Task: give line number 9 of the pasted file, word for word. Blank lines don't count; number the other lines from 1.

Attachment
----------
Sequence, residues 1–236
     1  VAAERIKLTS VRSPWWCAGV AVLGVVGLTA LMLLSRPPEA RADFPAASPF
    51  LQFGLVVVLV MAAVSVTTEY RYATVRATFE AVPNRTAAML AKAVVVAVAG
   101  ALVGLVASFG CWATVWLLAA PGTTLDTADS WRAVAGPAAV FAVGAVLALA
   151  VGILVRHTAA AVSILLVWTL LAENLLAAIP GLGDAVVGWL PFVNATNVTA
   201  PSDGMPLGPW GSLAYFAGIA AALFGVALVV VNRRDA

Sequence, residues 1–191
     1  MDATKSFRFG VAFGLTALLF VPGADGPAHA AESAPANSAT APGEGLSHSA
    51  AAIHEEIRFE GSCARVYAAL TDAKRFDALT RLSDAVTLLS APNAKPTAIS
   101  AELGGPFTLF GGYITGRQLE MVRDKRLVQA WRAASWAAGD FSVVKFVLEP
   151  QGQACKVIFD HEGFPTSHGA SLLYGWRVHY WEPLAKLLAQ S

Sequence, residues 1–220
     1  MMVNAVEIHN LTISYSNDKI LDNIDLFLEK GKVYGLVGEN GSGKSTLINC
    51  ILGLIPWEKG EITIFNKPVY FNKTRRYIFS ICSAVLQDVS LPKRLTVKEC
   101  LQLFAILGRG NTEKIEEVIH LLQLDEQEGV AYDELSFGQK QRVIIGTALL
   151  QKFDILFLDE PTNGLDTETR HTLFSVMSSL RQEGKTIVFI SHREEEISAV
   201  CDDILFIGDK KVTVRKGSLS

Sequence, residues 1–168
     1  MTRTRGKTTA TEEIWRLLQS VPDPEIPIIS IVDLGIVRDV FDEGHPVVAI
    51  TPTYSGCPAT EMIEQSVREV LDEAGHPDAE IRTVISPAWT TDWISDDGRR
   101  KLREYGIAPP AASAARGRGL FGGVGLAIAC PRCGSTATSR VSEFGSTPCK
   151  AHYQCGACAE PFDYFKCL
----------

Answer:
    51  AAIHEEIRFE GSCARVYAAL TDAKRFDALT RLSDAVTLLS APNAKPTAIS